Read the following text, paying particular attention to the highlighted words.
Trading in Other Securities
Exchanges trade in all forms of securities. While the general operations of exchanges apply to all securities trading, there are some differences. In particular, trades in nonstock securities are often managed by financial intermediaries other than brokers.
Bonds provide a way for companies to borrow money. People who invest in bonds are lending money to a company in return for yearly interest payments. Bonds are traded separately from stocks on exchanges. Most bonds are bought in large quantities by institutional investors - large investors such as banks, pension funds, or mutual funds.
Options are traded on many U.S. stock exchanges, as well as over the counter. Options writers offer investors the rights to buy or sell - at fixed prices and over fixed time periods - specified numbers of shares or amounts of financial or real assets. Writers give call options to people who want options to buy. A call option is the right to buy shares or amounts at a fixed price, within a fixed time span. Conversely, writers give put options to people who want options to sell. A put option is the right to sell shares or amounts at a fixed price, within a fixed time span. Buyers may or may not opt to buy, or sellers to sell, and they may profit or lose on their transactions, depending on how the market moves. In any case, options traders must pay premiums to writers for making contracts. Traders must also pay commissions to brokers for buying and selling stocks on exchanges. Options trading is also handled by options clearing corporations, which are owned by exchanges.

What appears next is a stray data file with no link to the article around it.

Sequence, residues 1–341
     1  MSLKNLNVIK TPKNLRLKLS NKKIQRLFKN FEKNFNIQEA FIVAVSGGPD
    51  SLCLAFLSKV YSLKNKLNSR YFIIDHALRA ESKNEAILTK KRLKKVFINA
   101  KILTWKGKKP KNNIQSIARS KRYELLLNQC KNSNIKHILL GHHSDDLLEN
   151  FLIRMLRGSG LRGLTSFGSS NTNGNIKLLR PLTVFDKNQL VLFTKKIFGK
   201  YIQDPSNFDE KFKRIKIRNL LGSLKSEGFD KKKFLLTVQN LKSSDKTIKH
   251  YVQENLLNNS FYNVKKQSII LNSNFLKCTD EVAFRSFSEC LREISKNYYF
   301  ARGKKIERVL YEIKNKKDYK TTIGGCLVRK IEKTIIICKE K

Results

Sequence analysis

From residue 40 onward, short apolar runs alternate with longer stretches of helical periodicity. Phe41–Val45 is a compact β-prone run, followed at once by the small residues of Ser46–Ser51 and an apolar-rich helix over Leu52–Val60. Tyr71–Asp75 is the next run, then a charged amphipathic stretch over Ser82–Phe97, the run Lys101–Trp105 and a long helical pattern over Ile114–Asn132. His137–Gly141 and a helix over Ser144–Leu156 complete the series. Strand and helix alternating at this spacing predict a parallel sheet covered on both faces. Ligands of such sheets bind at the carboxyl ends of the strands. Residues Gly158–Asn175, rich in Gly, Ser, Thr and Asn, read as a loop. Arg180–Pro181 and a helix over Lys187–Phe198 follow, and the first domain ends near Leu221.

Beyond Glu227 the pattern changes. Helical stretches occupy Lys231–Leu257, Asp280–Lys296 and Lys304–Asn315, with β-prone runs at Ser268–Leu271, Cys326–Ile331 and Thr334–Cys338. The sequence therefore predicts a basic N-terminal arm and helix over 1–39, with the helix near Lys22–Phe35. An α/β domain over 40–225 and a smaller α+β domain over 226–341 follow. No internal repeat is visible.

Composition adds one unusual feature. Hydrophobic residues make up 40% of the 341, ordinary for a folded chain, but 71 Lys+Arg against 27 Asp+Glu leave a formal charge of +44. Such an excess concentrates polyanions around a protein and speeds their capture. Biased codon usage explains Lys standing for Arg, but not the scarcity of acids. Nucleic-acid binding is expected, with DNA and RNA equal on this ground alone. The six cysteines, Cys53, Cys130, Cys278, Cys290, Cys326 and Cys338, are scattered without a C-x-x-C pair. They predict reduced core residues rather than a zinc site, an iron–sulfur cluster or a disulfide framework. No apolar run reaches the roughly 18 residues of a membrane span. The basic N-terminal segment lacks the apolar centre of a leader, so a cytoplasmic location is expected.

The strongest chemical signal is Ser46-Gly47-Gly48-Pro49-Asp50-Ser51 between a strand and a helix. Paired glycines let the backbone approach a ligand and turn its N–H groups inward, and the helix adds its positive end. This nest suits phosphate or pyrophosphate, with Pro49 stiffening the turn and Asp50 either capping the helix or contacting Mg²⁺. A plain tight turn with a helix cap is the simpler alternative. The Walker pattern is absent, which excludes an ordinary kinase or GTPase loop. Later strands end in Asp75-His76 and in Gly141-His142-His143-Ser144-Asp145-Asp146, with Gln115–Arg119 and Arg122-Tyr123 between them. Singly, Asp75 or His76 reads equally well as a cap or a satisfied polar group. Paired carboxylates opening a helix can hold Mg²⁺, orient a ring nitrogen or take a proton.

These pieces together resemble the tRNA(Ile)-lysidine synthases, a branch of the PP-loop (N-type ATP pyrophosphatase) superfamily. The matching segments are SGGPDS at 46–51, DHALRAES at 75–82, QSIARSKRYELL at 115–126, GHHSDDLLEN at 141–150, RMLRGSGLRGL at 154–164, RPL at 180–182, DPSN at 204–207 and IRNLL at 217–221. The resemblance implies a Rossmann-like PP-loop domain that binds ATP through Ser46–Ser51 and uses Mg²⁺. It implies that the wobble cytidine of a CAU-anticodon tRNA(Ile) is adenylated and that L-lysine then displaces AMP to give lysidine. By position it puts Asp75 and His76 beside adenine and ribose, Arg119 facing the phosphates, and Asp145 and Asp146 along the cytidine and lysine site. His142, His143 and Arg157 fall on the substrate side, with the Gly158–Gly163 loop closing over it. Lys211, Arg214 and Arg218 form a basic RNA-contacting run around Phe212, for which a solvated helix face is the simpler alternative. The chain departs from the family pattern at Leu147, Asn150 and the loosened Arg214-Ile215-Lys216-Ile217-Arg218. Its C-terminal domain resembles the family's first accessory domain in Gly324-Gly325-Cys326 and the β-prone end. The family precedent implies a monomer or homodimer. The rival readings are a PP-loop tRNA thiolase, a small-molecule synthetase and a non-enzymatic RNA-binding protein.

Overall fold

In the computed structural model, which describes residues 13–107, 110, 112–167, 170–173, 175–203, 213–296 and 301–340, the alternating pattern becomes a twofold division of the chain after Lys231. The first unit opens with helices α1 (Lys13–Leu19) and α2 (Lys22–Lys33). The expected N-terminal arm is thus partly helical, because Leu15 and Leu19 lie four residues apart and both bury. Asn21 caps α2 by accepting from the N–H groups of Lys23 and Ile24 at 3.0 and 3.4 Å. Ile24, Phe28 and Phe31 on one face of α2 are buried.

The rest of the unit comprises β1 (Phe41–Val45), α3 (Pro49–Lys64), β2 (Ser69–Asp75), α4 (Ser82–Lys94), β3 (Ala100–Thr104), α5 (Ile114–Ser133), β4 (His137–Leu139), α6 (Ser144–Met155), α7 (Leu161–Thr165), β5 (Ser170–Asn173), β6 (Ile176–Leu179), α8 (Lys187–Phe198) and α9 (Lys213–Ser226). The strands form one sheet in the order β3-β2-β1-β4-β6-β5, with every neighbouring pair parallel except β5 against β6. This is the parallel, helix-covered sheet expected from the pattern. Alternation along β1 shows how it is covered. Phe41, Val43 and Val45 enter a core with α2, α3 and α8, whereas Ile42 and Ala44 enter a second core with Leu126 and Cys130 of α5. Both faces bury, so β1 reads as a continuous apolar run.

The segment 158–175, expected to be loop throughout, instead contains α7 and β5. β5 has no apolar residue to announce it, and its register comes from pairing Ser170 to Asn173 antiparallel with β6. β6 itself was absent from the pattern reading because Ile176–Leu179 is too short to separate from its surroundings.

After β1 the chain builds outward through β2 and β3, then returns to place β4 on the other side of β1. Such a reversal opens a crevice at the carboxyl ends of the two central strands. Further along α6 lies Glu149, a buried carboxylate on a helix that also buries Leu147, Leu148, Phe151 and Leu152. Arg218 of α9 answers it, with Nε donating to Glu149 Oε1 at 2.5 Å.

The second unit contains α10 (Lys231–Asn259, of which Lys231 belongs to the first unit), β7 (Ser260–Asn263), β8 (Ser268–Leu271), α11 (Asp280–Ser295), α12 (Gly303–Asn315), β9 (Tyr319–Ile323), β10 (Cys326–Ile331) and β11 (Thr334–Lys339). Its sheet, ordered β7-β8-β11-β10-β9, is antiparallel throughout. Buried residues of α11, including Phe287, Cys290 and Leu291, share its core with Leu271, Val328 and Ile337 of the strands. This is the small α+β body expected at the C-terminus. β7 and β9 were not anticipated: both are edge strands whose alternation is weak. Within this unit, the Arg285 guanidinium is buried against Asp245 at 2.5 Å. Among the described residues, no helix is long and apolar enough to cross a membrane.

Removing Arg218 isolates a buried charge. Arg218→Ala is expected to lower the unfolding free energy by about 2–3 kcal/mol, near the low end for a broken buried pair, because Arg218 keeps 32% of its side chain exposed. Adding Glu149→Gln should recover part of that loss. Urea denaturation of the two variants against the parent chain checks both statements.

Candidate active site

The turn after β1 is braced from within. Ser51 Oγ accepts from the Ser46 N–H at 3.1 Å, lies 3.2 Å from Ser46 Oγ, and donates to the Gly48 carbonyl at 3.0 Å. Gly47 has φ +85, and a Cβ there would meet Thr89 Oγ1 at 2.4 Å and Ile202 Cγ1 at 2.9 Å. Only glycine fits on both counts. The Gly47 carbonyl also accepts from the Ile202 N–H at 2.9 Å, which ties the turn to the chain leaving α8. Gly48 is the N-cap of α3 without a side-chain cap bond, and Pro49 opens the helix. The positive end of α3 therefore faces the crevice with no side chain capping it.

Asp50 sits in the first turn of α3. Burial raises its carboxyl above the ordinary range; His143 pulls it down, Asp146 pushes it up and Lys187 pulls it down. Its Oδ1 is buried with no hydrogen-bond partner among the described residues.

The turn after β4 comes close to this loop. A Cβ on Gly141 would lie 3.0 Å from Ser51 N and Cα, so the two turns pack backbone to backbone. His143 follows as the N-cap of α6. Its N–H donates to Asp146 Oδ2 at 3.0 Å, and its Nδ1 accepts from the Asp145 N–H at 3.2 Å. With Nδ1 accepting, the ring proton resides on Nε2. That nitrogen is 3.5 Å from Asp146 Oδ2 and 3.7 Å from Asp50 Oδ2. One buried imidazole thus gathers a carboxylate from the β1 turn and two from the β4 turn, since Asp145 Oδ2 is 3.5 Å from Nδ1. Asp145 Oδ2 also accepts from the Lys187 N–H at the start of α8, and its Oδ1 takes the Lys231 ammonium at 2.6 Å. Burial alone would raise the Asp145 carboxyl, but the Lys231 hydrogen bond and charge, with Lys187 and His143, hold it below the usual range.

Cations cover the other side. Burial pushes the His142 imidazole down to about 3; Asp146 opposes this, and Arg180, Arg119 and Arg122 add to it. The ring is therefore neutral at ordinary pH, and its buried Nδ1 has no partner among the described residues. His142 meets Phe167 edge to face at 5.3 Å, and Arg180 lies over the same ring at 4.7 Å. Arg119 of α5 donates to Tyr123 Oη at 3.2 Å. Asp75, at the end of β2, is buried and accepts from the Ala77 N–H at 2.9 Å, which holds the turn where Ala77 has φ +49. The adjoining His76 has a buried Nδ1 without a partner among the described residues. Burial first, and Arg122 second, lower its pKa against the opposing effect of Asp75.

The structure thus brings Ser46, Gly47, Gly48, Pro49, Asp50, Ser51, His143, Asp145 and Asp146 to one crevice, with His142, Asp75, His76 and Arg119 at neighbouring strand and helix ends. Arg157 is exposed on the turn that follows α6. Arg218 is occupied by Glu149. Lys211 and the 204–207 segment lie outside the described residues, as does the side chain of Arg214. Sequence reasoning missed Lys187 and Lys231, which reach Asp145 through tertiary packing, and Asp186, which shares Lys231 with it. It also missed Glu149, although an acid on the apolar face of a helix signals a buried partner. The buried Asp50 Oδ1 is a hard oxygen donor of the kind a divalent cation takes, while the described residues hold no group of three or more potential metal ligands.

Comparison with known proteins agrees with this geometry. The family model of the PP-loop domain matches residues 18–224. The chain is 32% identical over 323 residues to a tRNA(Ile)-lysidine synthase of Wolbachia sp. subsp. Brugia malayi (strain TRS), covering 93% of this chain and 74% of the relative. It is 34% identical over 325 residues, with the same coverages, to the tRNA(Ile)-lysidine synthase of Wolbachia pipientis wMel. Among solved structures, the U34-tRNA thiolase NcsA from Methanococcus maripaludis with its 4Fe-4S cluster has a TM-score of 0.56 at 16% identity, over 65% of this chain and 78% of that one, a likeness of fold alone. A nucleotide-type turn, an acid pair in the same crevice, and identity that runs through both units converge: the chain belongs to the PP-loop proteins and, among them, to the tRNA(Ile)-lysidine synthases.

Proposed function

Futures contracts are also traded on certain U.S. exchanges, most of which deal in commodities such as foods or textiles. Futures trading works somewhat like options trading, but buyers and sellers instead agree to sales or purchases at fixed prices on fixed dates. After contracts are made, the choice to buy or sell is not optional. Futures contracts are then traded on the exchanges. Commodities brokers handle this trading.
Futures and options traders often judge markets trends by monitoring compiled indexes and averages of stocks, usually organized by industry or market ranking. Among the most closely watched U.S. indexes are the Dow Jones averages and Standard & Poor's.
Now try the exercises. Exercise
Back to AWL Exercises: Contents